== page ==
phd problems

On the importance of writing consistently

Writing consistently hides a multitude of sins. You would be surprised. In my opinion, the most important thing you can do in graduate school is to write every day for at least 15 minutes. This is not a new idea. There is a great book out there called Writing Your Dissertation in Fifteen Minutes A Day, and this sounds totally laughable. And….. it is. You can’t write your dissertation if you really only spend 15 minutes a day working on it. But the magic is in the “a day” part - writing every day (every weekday, at least) makes it easier to write every day. That sounds cyclical, but what happens is that when you force yourself to sit down and write for 15 minutes, even if all you write is half a sentence, the next day will be easier. And the day after that will be easier. 

This doesn’t mean you won’t struggle. You will. But the magic is in those 15 minutes. Just like Kimmy Schmidt declares that she can do anything for 10 seconds, you can write for 15 minutes. You can. It doesn’t have to be good writing. It doesn’t have to be fast writing. Just write. Do it. 

After a while, push yourself a bit. Do 2 sessions of 15 minutes each. Then expand those 15 minute sessions to 20 minutes. Keep expanding. Then, on those hard days, those days where you can’t do it, fall back on your “at least 15 minutes” plan. 

So when you hit this point, of writing every weekday for at least 15 minutes, you will still have your ups and downs. Days where the words won’t come, where you spend 45 minutes staring at the page and manage to get 3 sentences out. The beauty of consistency is that you will also have days where you write 3 pages in those 45 minutes. If you’re writing every day, whether you have a good day or a bad day doesn’t matter. They will balance each other out, and over time you will have more good days and the bad days won’t matter as much. 

Do you think you’re lazy? Are you a big procrastinator? Writing for 15 minutes a day is something even the laziest procrastinator can do - I should know, because I used to think of myself as a lazy procrastinator. Just showing up every day and putting words on paper, no matter how bad, even if it’s just for 15 minutes, will, over time, conquer any real or perceived laziness and overcome procrastination.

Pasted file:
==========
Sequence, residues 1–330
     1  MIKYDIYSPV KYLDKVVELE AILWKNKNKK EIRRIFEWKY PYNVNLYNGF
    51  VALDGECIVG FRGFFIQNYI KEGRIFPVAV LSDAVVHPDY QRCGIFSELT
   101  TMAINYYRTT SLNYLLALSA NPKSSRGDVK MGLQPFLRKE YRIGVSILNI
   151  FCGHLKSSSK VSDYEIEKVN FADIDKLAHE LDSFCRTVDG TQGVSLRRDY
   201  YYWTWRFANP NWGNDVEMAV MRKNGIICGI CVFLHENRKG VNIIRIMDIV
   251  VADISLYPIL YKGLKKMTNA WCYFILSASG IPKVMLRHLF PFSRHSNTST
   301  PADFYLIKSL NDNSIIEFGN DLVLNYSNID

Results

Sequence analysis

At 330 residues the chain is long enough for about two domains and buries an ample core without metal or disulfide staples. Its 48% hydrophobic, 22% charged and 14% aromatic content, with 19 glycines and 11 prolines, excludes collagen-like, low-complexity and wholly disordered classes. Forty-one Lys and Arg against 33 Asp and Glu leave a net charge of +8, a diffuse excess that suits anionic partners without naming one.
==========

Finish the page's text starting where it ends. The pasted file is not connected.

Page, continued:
You can do this. I promise. Just give me 15 minutes a day to start. 

An innocent, pure, and well balanced soul: “What is it like being a grad student?”

Me, squinting bloodshot eyes over the rim of a thrice reheated coffee: “Well… ‪today’s dinner is saltines and starbursts - which I suppose is an improvement over last week’s coffee and beef jerky.‬ I was in the shower for a full thirty seconds this morning before I realized I was still wearing my pajamas. And I was proud of making time for breakfast until my partner texted me that I’d put the box of cereal back in the fridge and the milk in the cupboard when I was done. The notification sound for my emails is rage inducing and my advisor is, unequivocally, the ruler of my universe. I regard him with the appropriate devotion, terror, and bewildered anger. I have no neutral feelings towards gradschool but instead wildly oscillate between being apathetic, incandescently happy, and savagely bitter.”

*what I actually say* “It’s good.”

What the grad student says: I’m fine.

What the grad student means: I’ve been working for 10 hours straight and I can barely think at this point much less describe to you with any clarity the unbelievable stress being placed on me by this narcissist-laden demoralizing hell-scape that has become my life. Please don’t burden me further by requiring me to now interact with you on a human level while I’m trying to remember the 10,000 things I have to do before tomorrow.